beneath the sordid canopy where bats hang your marvelous nudity is only a tearless lie


The Collected Poems of Georges Bataiixe

my cry calls to you in the desert where you don’t want to come my cry calls to you in the desert where your dreams will come true

your mouth sealed to mine and your tongue in my teeth death immense will welcome you night immense will fall

so then in your abandoned head I will have made a void your absence will be naked like a stockingless leg

while awaiting the disaster of the lights going out I will be soft in your heart like the cold of death.



The Tomb of Louis XXX

the dregs the exhaustion of a hideous heart the acrid the sweet intimacy of vice


SKY inverted in your eyes.




The Collected Poems of Georges Bataille

Wind tomb river tomb

my death fakes my voice which can only reach

to the ache of teeth

little flower little ear you know to what point I am afraid of shit.





At night to watch the sky with the crack of your ass.


The Collected Poems of Georges Bataille

The wound is fresh it disfigures the red streams out the gash gets hard

there is no more eye it is me.





The Narrator.

The Whore, 90 years old, dying (she was adorably beauti¬ ful at 20; one day when she was naked she did for God what Aurcourt does for Duclos in

120 Days).

The Priest, 30 years old.

God, a sort of paving stone.

The Narrator names and presents the characters. There are no costumes nor scenery. The scene takes place in the bedroom of the whore.

She says:

To the sewer I am the sewer alas!


The Collected Poems of Georges Bataille

Herr Priest says:

I am Herr Priest your little boy caress my ear while you die.

Oh my host my sewer mother I raise you into the sky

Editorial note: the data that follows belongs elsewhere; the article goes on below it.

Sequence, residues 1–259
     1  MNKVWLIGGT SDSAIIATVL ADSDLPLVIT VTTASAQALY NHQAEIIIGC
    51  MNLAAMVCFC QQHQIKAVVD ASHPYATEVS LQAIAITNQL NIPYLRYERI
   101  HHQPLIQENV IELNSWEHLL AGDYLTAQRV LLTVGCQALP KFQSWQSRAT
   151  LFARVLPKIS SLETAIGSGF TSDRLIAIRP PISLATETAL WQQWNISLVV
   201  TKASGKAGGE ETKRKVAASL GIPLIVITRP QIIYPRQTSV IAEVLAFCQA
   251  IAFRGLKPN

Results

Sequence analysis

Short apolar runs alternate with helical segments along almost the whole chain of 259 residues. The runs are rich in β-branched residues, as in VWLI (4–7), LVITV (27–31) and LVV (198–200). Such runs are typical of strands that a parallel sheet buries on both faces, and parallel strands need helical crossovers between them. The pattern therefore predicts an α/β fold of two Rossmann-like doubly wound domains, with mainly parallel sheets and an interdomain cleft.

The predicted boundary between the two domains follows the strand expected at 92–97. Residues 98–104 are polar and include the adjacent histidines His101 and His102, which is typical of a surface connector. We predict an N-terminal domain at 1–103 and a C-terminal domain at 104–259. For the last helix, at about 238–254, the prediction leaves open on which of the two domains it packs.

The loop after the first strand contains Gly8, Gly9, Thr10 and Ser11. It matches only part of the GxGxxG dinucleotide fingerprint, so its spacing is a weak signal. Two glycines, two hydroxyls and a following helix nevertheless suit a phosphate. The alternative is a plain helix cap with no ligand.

the paving stone says:

I am God I conk you on the head Herr Priest I kill you I am an idiot.




Oresteia dew from the sky bagpipe of life spidered night of innumerable hauntings relentless play of tears oh sun in my breast long sword of death rest along my bones rest you are the lightning rest viper rest my heart the rivers of love blush pink with blood the winds have undone my assassin hair Chance oh pale goddess laughter of lightning invisible sun thundering in the heart naked chance chance with long white stockings chance with a lacy nightgown on.


The Collected Poems of Georges Bataille


Heart eager for glimmer belly stingy for caresses false sun false eyes words carriers of plague

the earth loves cold bodies.

Tears of frost ambiguity of eyelashes

lips of a dead woman unatonable teeth

absence of life

nudity of death.



Through lies, indifference, the chattering of teeth, insane happiness, and certainty,

in the bottom of the well, tooth to the tooth of death, a minute particle of blinding life is born from an accumulation of waste,

I flee it, it insists; injected, in the forehead, a trickle of blood mixes with my tears, bathing my thighs,

minute particle born from deception, from shameless greed, no less indifferent to its self than the heights of the sky, and the purity of executioners, and explosions — cutting off the cries.


The Collected Poems of Georges Bataille

I open a theater in myself where a false slumber plays a pointless trick a disgrace that makes me sweat

no hope death the candle blown out.



In the meantime, I read October Nights, astonished to feel a lack of connection between my cries and my life. At heart, I am like Gerard de Nerval, happy with cabarets, with little nothings (more ambiguous?). I remember my taste for the villagers in Tilly at the beginning of the rains, the mud, the cold, the manly barmaids handling the bottles, and the noses (the schnozzes) of the big farmhands (drunk, and muddily booted); at night, the faubourg songs would cry from common throats, there were comings and goings of partying, and farts, and the laughter of gi rls in the courtyard. I was happy to lis¬ ten to their life, scrawling in my notebook, laying in a dirty (and freezing) room. No shadow of ennui, happy with the warmth of their cries, and the spell of their songs: their melancholy gripped the throat.


The Collected Poems of Georges Bataille

The Roof of the Temple

Feeling of a decisive battle from which nothing can deter me now. I am afraid, being certain that I will not avoid the battle anymore.

Would the answer not be: “that I forget the question"?



Yesterday, it seemed to me that I spoke to my mirror.

It seemed to me that I saw quite far away, as if by the glow of lightning, a region where anguish has led... a feeling brought on by a sentence.

I have forgotten the sentence: it

was accompanied by a perceptible change, like a clicking cut¬ ting the bindings.